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2014 Richard Calkins Invitational Tab Summary

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  • 2014 Richard Calkins Invitational Tab Summary

    Thank you to all the teams that attended. A full tab summary is attached.

    Final Rankings (Balancing Weighted Partial Ballots)
    1 1548 Iowa A (37.878)
    2 1103 Cornell A (34.878)
    3 1104 Cornell B (33.722)
    4 1118 Washburn A (31.747)
    5 1549 Iowa B (31.208)
    6 1105 Cornell C (30.345)
    Honorable Mention
    7 1119 Washburn B (28.236)
    8 1366 Drake A (27.929)
    9 1106 Creighton A (27.395)
    10 1266 Loras A (26.425)

    A full explanation of the tabulation methods is also attached.
    Attached Files
    Last edited by captainbowtie; October 29th, 2014, 08:26 AM.
    Ray Barr (the Amazing)
    University of Minnesota Law School
    Drake University, 2014
    "Bow ties are cool."

  • #2
    I'll fully admit that I use the straight-line system I do because I don't have the mathematical know-how to do what you or Ben Graham are doing. But I am curious as to why you think that your logarithmic curve is optimal for this type of tournament, rather than Yale's. I cannot count the number of times I have seen a team get absolutely thumped and only lose a ballot by three or four points. An assumption that a -3 should be treated essentially the same as a tie, which is treated essentially the same as a +3 seems utterly counterintuitive to me.

    Comment


    • #3
      I think a four-piece curve makes more sense because it treats +1, -1 scores as being more analogous to a tie as compared to a two-piece curve. Curves with a plateau in middle still give close to .5 ballots for such scores, which I think is appropriate considering that a change of one point would result in the team tieing the ballot.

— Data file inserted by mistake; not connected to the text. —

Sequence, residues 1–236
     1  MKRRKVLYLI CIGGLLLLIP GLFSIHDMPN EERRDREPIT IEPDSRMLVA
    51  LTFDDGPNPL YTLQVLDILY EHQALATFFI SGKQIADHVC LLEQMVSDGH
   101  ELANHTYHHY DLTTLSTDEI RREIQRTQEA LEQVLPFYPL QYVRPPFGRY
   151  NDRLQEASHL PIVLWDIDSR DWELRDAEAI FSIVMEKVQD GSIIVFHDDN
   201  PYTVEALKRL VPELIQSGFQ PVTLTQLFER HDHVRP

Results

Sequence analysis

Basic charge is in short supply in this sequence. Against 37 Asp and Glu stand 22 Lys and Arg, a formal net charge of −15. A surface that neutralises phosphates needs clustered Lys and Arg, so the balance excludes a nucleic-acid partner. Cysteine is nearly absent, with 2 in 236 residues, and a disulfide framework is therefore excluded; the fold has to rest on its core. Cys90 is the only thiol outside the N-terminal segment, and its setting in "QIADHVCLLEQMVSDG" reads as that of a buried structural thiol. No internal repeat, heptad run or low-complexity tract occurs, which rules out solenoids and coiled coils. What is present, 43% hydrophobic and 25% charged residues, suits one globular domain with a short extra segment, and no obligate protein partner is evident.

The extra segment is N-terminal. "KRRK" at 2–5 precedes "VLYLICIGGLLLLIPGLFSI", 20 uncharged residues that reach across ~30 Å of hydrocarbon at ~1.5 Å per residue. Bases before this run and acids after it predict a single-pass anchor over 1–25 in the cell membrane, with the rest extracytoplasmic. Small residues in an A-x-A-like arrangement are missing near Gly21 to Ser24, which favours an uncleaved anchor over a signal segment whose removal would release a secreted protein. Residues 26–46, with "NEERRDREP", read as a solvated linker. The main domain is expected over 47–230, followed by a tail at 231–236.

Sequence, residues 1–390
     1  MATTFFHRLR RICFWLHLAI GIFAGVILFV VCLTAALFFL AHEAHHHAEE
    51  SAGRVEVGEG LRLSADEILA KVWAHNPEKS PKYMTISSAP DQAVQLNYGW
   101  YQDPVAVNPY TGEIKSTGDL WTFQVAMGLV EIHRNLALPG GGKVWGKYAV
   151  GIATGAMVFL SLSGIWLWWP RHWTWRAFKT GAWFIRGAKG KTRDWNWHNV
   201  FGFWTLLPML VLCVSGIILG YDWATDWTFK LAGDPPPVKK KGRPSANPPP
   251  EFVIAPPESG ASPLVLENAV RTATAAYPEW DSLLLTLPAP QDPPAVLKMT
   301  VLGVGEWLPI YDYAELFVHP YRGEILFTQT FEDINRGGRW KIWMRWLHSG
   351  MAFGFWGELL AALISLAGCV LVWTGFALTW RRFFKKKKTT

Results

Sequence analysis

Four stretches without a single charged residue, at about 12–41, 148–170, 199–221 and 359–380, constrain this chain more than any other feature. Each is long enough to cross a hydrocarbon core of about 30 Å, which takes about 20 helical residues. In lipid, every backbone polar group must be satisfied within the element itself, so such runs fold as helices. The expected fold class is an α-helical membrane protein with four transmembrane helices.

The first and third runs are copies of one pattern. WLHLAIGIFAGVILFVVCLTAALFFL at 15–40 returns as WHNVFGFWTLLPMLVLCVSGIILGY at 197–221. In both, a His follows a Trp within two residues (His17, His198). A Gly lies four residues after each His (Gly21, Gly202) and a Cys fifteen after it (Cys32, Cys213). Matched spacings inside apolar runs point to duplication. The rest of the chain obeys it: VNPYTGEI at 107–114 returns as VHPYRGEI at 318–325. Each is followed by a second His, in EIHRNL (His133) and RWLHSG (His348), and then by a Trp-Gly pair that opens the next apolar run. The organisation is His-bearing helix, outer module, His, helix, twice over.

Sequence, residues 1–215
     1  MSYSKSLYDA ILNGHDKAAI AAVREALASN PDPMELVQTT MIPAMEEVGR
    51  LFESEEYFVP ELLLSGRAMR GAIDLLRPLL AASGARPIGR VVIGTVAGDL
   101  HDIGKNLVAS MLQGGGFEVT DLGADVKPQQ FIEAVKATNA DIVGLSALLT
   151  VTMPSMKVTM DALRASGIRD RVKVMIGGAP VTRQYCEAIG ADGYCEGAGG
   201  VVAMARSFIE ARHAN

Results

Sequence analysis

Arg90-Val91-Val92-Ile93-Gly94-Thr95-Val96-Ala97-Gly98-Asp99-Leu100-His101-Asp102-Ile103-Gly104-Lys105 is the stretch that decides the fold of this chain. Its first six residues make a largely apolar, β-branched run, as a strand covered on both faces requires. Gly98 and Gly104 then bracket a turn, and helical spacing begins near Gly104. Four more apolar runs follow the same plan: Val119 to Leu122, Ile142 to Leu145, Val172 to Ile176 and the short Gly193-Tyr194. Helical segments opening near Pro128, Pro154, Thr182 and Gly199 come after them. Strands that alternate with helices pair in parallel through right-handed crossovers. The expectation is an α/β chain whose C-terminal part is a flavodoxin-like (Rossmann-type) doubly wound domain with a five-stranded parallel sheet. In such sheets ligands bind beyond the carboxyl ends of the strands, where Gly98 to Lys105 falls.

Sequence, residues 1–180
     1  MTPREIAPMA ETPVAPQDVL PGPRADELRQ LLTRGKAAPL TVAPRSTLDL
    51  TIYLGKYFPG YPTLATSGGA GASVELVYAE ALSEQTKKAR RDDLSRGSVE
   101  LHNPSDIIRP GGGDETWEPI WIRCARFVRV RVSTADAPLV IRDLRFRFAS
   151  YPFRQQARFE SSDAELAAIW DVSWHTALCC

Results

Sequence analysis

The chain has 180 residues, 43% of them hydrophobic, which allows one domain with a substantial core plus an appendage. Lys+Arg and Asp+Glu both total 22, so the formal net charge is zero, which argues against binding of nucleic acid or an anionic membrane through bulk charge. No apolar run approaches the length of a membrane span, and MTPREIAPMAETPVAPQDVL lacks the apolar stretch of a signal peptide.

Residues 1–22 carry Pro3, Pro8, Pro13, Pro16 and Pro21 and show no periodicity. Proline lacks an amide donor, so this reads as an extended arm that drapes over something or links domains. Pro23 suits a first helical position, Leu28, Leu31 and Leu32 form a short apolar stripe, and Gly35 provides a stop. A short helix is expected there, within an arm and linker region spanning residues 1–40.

I certainly see your point about a +3/-3 ballot having the potential to be a blowout. I think the answer to that, however, is to adjust the Base Quality Win, narrowing the points needed for a complete win, so that +3 is worth more to the winning team and -3 is worth less to the losing team. Fourteen points seems a rather large requirement for a complete win, and perhaps +7 or +10 would be more appropriate.

      If the Base Quality Win was set at 7, then a ballot of +3/-3 would fall right in the high slope area of a four-piece curve, where the partial ballots won begin to rapidly drop off.

      In summary: 1) Four-piece curve makes sense because of how it treats almost ties more like ties than a two-piece curve does. 2) Treatment of +3/-3 scores suggests a need to adjust the width of the curve (by adjusting the quality win), not modifying the shape of the curve.
      Ray Barr (the Amazing)
      University of Minnesota Law School
      Drake University, 2014
      "Bow ties are cool."

      Comment

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